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I grew up obsessing over presidents.
I memorized them all at age 6, a weird party trick that adults adored and other kids, well, it may shock you to learn they weren’t as dazzled.
I kept on obsessing over presidents into adulthood; my best friend threw me a presidential-themed bridal shower, complete with presidential charades in which someone who drew President George W. Bush memorably threw a shoe at herself.
But on Friday night, I wasn’t watching the current president stand under the shadow of Mount Rushmore to preach white power and authoritarianism. I was watching “Hamilton” on my couch, in which a richly diverse and wildly talented group of people tell the story of a Founding Father who was never president.
The juxtaposition of the two events was another 2020 moment so absurdly, clearly stark, it would have been rejected from any Hollywood writer’s room. Yet it and the Fourth of July offer a good chance to celebrate people who’ve shaped the country from outside of the Oval Office.
So, since this whole newsletter is essentially a reading list anyway, here are three of my favorite books about unsung Americans that I’d like to casually suggest be made into world-changing blockbuster musicals.
The Woman Behind the New Deal: FDR was a president who did big things. Yet the architect behind some of the best-known and most successful New Deal programs was not Roosevelt but Frances Perkins, the first woman secretary of labor. She’s credited with nothing less than helping establish the American middle class.
Capitol Men: It might be hard to remember, given the current state of our politics, that the era following the Civil War briefly saw a remarkable class of Black politicians sent to Washington. A handful of these neglected leaders are the focus of this book, including Civil War hero-turned-congressman Robert Smalls, and integration advocate and senator P.B.S. Pinchback.
A Singular Woman: Speaking of presidents, one of our most recent ones was raised by a single mother that most of us know very little about. Though Barack Obama wrote a book called “Dreams From My Father,” he’s largely credited his mother with instilling the values and work ethic that helped elevate him to the most powerful role in the world. This book traces her life and their relationship.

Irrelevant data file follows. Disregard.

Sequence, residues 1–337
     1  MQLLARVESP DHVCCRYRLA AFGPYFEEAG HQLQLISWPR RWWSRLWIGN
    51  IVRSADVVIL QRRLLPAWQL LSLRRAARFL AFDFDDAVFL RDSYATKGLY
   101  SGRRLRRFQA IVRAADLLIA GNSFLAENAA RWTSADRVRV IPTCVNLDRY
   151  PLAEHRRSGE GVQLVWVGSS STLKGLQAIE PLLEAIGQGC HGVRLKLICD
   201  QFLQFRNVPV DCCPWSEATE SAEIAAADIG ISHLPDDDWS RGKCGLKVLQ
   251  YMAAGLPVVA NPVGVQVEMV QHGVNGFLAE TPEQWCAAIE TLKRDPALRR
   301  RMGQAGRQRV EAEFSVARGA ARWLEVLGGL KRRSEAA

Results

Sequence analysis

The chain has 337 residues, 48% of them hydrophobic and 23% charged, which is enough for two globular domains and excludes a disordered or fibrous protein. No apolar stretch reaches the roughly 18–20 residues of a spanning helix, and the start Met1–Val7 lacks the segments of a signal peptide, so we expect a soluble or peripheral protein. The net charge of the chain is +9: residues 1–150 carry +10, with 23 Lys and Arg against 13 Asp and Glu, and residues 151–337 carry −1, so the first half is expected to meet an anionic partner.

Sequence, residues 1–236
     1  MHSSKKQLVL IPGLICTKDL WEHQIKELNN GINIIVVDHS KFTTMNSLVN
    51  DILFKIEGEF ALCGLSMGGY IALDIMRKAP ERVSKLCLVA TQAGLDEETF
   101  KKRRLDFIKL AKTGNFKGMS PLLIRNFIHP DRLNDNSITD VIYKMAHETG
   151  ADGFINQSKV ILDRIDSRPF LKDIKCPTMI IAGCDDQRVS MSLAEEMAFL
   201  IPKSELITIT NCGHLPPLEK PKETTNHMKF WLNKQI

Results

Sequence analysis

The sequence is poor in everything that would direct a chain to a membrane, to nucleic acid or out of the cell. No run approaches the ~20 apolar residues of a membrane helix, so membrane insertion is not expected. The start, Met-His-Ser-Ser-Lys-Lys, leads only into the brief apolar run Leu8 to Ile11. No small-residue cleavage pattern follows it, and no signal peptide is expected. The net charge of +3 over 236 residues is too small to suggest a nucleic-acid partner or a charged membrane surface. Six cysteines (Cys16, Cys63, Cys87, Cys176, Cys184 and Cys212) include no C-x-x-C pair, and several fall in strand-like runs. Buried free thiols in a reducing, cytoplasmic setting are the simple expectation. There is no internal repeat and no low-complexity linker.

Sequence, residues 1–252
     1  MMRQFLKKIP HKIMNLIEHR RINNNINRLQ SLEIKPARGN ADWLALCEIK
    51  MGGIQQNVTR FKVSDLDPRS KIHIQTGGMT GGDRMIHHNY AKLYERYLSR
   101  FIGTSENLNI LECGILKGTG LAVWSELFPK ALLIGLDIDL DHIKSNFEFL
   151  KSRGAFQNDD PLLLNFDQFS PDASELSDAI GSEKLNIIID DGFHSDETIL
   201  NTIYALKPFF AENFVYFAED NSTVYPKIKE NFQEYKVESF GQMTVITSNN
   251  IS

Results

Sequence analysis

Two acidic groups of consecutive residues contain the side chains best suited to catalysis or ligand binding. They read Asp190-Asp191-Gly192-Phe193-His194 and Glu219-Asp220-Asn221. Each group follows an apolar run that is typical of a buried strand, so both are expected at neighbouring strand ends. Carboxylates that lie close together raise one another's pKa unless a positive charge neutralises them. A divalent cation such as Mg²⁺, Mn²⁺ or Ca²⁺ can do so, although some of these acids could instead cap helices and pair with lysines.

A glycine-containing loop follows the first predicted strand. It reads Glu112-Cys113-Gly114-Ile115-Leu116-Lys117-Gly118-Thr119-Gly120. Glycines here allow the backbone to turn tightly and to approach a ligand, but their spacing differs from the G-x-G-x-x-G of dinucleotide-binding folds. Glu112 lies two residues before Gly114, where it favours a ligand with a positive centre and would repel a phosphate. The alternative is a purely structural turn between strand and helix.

Everyone is still rightly panicking about what school will look like next year. But this week we produced some devastating investigative work about what the old system has wrought.
Westview High School has racked up a string of accusations of student harassment and abuse, most of it involving teachers and athletic coaches who groomed young girls. We talked about the Westview cases and all things schools on this week’s podcast.
And Will Huntsberry analyzed data from across the county and found Black students are far, far likelier to be suspended. One guidance counselor said her 5-year-old son’s teacher called police on him. In kindergarten. (KPBS, meanwhile, found Black youth were more than four times as likely to be arrested or detained than their White peers by San Diego Unified Police.) No wonder students and activists are demanding police be removed from schools.
First, smart streetlights were pitched as a tool to fix mobility issues. Then, we learned police were accessing the footage – but supposedly only in the “most serious” cases. Now, we know SDPD accessed the streetlight cameras 35 times following recent Black Lives Matter protests, to investigate what they say were vandalism and other potential crimes committed by demonstrators.
Elsewhere in law enforcement news, Maya Srikrishnan continues to follow truly horrific accusations coming out of Donovan State Prison, near Otay Mesa.
Cannabis business owners say Border Patrol routinely intercepts shipments of legal products between Imperial and San Diego counties.
There’s still a lot county officials aren’t sharing about where new COVID outbreaks are happening.
“Let me say the quiet part loud: In the Covid-19 economy, you’re allowed only a kid or a job.” – I love Deb Perelman’s recipes, and now I love her advocacy too.